- By Kaili Berg
“It’s still pretty surreal to me that I was selected for this wonderful opportunity,” Haswood told Native News Online.
Launched in 2018, the Obama Foundation Leaders program gathers leaders from different regions of the world to share ideas and expand their leadership skills to create positive change in their communities. In addition to working with each other, the changemakers will engage with former president Barack Obama, leadership coaches, and experts in various fields.
Haswood said she is most excited to meet the other cohort members and young leaders across the country. She does not plan to be the state representative for District 10 (Lawrence) for the rest of her life and is excited to learn more with the resources of the Obama’s Foundation Leaders program to help grow.
“I’m really excited that the resources are here. The Obama Foundation’s values are really close to my values. And I just feel comfortable and welcome in this community,” Haswood said.
Haswood was elected to 2021-2022 Legislative session, and she is already making history. At 29 years old, she is currently the youngest member of the legislature and the third Native American member.
“About a month before graduating with my master’s, I got asked to run for office,” Haswood said. “And it took a couple of tries to convince me. But eventually, I threw my hat in the ring. It’s important to have Indigenous young people and young women in these spaces. When you’re native, your life is already political, whether you like it or not.”
Haswood was born and raised in Lawrence, Kansas, and earned a Bachelor’s degree in public health from Arizona State University in 2018. She graduated from the University of Kansas Medical Center with a Master’s in Public Health in 2020.
When Tribal issues arise, Haswood says she is limited in her reach across the 46 combined House and Senate committees, not including joint and special committees. Being on the younger side comes with some challenges, she added.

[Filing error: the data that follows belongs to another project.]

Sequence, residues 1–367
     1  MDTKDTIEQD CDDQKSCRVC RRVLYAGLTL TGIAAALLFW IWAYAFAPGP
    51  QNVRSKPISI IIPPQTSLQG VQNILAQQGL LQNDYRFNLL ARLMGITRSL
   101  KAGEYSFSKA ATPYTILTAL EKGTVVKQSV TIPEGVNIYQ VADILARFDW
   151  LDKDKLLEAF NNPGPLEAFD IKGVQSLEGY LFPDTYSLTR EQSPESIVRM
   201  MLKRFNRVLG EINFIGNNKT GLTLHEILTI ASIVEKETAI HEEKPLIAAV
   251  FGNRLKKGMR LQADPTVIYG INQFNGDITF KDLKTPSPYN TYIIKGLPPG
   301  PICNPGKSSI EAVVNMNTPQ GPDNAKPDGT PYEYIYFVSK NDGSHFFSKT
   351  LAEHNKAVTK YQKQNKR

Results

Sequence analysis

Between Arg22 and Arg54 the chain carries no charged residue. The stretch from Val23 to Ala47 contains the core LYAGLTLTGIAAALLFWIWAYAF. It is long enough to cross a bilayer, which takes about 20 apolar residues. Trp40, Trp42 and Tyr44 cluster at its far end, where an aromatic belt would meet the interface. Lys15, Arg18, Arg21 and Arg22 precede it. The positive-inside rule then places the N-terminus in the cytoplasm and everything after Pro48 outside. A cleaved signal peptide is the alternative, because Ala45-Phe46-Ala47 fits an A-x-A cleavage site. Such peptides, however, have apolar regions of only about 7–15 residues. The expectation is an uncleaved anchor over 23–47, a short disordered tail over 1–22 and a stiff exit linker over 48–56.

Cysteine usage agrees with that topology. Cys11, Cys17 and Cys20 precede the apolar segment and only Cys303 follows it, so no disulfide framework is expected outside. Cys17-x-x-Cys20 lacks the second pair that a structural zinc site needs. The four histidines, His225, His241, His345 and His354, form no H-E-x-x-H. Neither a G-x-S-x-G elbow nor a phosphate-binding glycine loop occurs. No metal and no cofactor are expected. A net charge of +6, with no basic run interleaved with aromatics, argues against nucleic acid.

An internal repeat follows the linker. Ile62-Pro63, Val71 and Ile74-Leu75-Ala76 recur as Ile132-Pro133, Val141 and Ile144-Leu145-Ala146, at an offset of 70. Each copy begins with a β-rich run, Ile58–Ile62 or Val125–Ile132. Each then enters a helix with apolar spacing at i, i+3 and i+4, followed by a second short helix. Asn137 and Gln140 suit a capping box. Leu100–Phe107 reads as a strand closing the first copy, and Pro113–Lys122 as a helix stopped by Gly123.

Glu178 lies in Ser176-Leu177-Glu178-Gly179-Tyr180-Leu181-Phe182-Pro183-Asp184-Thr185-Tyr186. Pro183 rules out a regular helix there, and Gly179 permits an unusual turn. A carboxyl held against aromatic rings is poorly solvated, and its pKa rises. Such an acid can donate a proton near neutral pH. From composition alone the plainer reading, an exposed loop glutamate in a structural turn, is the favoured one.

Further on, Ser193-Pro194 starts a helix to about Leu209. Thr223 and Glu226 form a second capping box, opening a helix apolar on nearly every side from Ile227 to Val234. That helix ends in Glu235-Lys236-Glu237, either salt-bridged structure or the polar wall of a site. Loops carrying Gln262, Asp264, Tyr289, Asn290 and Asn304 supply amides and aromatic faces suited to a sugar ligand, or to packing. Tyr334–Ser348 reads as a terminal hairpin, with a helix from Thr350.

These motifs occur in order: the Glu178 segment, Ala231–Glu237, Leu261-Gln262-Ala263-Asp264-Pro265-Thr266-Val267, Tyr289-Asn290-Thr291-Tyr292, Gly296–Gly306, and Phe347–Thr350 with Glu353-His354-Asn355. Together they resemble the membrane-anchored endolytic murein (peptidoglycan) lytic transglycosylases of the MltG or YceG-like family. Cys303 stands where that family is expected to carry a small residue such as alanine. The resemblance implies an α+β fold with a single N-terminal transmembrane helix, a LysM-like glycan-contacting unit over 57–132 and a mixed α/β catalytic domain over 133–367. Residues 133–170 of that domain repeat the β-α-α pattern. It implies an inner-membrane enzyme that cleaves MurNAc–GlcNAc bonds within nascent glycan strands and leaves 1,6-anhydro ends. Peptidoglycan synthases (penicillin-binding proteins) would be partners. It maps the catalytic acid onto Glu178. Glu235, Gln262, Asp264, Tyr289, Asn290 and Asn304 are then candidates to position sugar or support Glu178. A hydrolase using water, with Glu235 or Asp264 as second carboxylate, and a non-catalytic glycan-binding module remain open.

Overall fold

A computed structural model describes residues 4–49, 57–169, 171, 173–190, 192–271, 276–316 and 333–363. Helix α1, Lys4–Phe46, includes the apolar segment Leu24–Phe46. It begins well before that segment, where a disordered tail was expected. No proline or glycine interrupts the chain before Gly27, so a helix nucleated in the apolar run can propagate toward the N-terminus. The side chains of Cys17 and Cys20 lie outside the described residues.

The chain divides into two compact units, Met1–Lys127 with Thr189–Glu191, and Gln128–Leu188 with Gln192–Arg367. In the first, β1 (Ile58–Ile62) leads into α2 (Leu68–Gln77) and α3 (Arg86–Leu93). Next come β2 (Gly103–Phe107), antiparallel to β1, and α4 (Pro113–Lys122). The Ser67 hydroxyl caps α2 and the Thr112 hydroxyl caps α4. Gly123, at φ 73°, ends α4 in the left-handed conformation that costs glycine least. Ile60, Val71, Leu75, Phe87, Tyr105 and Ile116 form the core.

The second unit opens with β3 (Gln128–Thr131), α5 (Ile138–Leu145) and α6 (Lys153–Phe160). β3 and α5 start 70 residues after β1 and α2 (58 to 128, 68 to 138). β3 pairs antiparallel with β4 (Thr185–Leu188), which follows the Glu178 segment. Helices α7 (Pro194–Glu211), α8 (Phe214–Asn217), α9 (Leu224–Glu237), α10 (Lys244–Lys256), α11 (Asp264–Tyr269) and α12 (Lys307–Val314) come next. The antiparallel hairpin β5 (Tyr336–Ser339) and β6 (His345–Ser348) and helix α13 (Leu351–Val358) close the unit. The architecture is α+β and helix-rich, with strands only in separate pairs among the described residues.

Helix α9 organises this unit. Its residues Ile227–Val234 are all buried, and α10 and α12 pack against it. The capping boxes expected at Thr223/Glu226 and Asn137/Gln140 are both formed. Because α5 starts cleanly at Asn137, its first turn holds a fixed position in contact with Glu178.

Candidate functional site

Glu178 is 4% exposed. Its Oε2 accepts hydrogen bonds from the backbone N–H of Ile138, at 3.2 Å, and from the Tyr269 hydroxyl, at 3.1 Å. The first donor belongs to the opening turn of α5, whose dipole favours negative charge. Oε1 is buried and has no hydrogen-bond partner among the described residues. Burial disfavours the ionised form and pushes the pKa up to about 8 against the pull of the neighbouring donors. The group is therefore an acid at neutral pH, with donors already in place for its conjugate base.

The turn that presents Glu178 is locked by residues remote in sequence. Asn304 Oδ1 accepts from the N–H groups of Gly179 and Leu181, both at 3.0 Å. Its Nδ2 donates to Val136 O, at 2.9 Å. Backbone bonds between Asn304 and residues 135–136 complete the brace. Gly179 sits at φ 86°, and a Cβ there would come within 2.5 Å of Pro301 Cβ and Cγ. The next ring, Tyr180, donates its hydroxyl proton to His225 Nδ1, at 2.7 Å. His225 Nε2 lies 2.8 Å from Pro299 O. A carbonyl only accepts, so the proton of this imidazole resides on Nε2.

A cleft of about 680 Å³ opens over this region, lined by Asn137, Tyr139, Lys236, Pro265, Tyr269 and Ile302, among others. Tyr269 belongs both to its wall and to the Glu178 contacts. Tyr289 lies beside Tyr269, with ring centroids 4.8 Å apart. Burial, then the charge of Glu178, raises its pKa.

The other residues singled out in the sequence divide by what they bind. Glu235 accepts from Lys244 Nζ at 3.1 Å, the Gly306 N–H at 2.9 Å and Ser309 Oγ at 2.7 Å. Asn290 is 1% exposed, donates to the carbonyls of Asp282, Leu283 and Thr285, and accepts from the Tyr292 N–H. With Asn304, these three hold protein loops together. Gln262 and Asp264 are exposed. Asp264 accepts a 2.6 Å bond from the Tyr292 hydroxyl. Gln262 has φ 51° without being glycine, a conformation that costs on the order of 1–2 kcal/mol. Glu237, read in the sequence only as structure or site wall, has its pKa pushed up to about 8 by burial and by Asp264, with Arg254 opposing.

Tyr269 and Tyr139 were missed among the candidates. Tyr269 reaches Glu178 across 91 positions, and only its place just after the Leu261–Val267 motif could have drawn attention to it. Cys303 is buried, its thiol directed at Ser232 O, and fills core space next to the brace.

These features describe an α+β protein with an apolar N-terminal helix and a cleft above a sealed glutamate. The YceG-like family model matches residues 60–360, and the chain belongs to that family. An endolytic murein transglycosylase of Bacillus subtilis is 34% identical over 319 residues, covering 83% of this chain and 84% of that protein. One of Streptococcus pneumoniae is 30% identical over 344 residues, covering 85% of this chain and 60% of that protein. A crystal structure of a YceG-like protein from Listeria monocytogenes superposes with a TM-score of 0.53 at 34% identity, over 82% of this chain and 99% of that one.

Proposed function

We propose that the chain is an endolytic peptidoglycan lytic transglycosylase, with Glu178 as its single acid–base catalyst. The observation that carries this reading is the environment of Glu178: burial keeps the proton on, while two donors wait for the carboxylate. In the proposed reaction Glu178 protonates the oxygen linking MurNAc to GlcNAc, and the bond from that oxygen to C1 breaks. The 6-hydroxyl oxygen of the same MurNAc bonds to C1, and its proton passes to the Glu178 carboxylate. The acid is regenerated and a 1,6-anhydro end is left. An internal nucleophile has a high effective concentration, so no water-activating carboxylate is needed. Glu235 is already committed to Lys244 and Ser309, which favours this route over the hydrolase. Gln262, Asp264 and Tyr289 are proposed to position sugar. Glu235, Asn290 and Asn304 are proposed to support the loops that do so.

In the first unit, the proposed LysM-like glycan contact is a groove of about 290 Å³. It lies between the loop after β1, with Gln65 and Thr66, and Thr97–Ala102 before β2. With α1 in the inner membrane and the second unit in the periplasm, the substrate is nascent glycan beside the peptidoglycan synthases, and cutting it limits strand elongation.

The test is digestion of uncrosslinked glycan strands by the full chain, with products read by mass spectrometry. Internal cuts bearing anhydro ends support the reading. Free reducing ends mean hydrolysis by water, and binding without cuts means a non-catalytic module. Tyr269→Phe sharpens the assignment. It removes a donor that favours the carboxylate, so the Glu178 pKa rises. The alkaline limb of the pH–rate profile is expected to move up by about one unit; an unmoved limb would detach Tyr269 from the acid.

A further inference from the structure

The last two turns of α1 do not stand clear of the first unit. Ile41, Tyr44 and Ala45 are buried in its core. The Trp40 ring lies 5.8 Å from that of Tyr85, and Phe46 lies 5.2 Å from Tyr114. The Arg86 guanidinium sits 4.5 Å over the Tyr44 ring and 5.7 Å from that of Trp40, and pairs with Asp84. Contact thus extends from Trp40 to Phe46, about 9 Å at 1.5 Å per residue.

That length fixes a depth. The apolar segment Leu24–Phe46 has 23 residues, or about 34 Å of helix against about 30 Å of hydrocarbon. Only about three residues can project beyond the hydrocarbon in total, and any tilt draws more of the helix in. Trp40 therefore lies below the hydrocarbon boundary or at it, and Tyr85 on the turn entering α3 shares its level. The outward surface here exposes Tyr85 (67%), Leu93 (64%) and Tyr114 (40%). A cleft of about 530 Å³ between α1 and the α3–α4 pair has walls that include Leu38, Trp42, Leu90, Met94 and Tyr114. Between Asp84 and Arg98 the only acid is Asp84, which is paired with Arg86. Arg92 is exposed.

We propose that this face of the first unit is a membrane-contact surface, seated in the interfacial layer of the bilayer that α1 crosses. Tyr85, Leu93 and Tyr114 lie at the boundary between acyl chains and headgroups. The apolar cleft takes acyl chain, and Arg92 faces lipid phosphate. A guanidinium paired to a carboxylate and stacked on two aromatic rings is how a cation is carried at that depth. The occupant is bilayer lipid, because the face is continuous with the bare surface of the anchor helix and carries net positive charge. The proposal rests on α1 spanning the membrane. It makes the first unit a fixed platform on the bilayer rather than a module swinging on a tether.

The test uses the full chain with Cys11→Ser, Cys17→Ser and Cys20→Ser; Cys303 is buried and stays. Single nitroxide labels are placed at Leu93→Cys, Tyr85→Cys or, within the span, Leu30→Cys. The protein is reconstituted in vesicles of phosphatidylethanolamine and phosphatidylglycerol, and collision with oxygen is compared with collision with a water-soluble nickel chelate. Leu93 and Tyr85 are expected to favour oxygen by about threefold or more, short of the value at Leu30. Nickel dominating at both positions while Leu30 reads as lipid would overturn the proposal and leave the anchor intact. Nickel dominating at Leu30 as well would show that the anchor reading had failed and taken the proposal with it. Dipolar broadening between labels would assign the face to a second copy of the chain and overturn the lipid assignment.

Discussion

“I feel like my thoughts and ideas were not seen as serious in comparison to my older colleagues, and when I first ran for office, one of my opponents even slut shamed me in one of their attempts to paint me as not mature enough for the job,” Haswood said.
Haswood said she also faces microaggressions and racism from the public and even colleagues.
“In my time in the Kansas state legislature, I have seen Tribal legislation fight through stereotypes that if this piece of legislation is giving back their land, then, the bill has to say somewhere that they will not build a casino there,” Haswood said.
Despite the challenges, Haswood says she is inspired by her mother and father, who have sacrificed so much for her to be where she is today.
“My mom works in information technology, and I have seen her overcome a field that is predominately male and nondiverse, all while leading with kindness, compassion, and empathy,” said Haswood.
Haswood said during her first run for office, her team thought using TikTok would be a great way to produce content and educate people about voting in a fun way. A Kansas high schooler offered Haswood their expertise for video ideas, and it soon went viral. A video showing her Navajo culture and being a young woman in politics received over a million views.
Haswood said she originally started her Tiktok as an educational campaign tool, but when she is not campaigning, she uses her platform to bring the representation of being a Navajo Kansas woman in state politics.
“I use my humor to share my experiences being in the Kansas state legislature, and I enjoy filming in the Capitol to help normalize and break down barriers of civic engagement at the state level,” said Haswood.
Haaswood took a unique approach to her campaign and utilized social media. She wore traditional Navajo attire during her swearing-in ceremony, and TikTok videos of the ceremony went viral and received media coverage from BuzzFeed and Vogue.
“I hope I inspire others,” Haswood said. “I remember what it felt like to just look up at who represented me in Congress, state house, and at local levels. No one was Native or a young person. Hopefully that me being there can be that little bit of inspiration for people.”
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